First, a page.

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Jonathan Schell, Climate Change, and the (Still Pending) Fate of the Earth

Mark Izeman

Posted April 4, 2014

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It would be overblown to say that the writer Jonathan Schell changed my life.

But it is not a stretch to say that Schell, who died last week at the age of 70, played an instrumental role in my decision to become an environmental advocate.

And much more importantly, his famous book The Fate of The Earth helped influence a generation to tackle head-on the threat of nuclear arms proliferation.

The book came out in 1982 – the year I started college –and it scared the hell out of me.

In an elegant and calm tone, a large chunk of the book described what the Earth might look like in a post-nuclear apocalypse. 

            Thumbnail image for SCHELL-obit-videoSixteenByNine1050.jpgThumbnail image for the-fate-of-the-earth-jonathan-schell.jpg

That is most of what I remember from reading the book more than 30 years ago, and its psychological punch led me to get involved in anti-nuke issues.

A few months ago, I re-read the book and what I took away the most was not the vivid “day after” depictions. 

Instead, I was struck a key observation he made about the societal response to the impending nuclear threat and how this insight may be applicable to our current climate change crisis.

Specifically, Schell pointed out that despite the enormous scientific evidence of what nuclear obliviation would bring, there was little political or public action to address this threat.

 “We have thus far failed to fashion, or to discover within ourselves, an emotional or intellectual or political response to” nuclear arms, he wrote.

Schell continued: “This peculiar failure of response, which hundreds of millions of people acknowledge the presence of an immediate, unremitting threat to their existence and to the existence of the word they live in but do nothing about it…”

Fortunately, his 1982 book, as The New York Times noted in its obituary, was “widely credited with helping rally ordinary citizens around the world to the cause of nuclear disarmament.”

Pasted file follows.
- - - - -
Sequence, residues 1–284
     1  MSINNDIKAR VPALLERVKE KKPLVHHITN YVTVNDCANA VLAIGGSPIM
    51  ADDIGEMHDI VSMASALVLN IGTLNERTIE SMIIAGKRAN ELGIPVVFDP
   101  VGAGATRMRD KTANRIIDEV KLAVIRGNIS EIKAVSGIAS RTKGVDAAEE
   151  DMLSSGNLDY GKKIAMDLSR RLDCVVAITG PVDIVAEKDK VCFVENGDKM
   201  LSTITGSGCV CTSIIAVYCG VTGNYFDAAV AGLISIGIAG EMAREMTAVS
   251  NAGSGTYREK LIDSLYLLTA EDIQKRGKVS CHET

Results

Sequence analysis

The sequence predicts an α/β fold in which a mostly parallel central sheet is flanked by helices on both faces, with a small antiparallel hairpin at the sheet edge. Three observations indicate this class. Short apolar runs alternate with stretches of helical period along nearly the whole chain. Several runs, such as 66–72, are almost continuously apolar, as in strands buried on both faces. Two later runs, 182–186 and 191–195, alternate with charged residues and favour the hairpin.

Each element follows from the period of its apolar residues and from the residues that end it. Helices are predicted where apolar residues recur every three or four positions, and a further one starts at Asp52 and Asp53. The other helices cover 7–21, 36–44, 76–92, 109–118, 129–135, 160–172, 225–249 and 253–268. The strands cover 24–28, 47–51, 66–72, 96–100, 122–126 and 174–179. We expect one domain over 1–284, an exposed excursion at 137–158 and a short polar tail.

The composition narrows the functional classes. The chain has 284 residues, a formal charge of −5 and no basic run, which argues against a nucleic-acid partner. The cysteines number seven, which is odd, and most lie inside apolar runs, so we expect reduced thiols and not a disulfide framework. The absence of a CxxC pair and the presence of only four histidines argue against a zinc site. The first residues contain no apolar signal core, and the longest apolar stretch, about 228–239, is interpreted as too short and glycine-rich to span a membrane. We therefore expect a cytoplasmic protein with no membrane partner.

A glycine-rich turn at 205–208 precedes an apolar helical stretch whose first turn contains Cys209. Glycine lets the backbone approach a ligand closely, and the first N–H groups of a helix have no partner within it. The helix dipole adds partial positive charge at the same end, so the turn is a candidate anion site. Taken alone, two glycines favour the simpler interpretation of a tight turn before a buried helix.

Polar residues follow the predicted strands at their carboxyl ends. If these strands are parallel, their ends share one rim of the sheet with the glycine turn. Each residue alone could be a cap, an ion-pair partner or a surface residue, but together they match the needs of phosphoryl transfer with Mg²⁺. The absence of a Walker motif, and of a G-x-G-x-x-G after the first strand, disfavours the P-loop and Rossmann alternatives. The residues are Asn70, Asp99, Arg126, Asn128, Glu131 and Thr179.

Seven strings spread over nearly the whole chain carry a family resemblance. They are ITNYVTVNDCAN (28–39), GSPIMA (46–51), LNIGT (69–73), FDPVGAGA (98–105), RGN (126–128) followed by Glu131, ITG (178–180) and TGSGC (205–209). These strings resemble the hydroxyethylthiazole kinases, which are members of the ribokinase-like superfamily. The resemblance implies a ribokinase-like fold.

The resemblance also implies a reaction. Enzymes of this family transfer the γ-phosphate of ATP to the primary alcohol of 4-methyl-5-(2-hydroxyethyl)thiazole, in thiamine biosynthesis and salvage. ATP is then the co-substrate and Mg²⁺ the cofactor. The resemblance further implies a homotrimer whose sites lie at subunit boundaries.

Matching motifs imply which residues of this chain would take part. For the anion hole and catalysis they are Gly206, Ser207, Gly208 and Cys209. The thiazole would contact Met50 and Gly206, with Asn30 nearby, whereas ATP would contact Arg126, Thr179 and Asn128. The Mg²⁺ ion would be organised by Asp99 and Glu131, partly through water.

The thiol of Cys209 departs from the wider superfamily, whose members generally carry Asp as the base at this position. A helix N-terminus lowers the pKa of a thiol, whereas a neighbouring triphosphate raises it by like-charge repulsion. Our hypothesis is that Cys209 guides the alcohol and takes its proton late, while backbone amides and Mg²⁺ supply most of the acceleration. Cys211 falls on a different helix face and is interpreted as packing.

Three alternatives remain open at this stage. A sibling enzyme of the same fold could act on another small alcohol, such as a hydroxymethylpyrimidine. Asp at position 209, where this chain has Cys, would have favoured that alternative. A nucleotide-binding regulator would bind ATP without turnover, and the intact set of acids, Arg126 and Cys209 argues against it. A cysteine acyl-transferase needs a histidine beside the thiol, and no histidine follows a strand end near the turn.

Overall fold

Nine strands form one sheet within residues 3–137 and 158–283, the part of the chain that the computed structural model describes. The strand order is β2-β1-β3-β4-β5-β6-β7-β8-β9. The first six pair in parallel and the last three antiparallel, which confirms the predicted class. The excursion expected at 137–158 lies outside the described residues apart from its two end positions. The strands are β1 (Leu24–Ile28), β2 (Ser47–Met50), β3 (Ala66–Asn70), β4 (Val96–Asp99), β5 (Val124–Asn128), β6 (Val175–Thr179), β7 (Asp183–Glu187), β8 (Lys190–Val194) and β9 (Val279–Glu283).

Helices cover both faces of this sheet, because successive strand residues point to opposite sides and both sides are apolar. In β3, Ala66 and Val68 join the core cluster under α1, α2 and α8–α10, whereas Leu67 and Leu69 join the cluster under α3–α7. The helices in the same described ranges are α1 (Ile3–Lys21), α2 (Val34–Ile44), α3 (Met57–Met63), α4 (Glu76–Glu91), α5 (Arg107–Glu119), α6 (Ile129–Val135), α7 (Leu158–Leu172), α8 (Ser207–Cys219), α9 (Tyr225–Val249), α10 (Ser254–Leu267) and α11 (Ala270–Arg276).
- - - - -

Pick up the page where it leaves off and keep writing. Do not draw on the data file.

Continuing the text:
And while huge challenges still lie ahead, major gains have been made by decision-makers in confronting nuclear proliferation since the book was published.

The outlook for combating climate change, however, remains very uncertain.

Just this week, the United Nation’s Intergovernmental Panel on Climate Change (IPCC) released a new scientific report on what our planet will look like without significant, immediate action. Among other dire predictions, the IPCC study details what only a few degrees of warming on the planet will do to trigger new extreme weather events, coastal flooding, drinking water scarcity, species extinctions and large reduction of food crop yields. The UN report also confirmed that many large-scale impacts are already underway throughout the globe.

Fortunately, the IPCC also says in effect that there is still time for the global political or “decision-making” process to minimize climate change impacts in the future through bold mitigation and adaptation measures.

Yet despite mounting scientific evidence on the monumental impacts of climate change, and that 97% of climate scientists agree that warming trends over the past century are very likely due to human activities, our collective response to this generation’s biggest global threat remains muted.

It is unclear what it will take to invoke the type of public or political reaction to climate change that Schell called out for – and got to a large extent – on the issue of nuclear arms.

But for the fate of the Earth, I hope it is very soon.

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JakeApr 5 2014 09:45 AM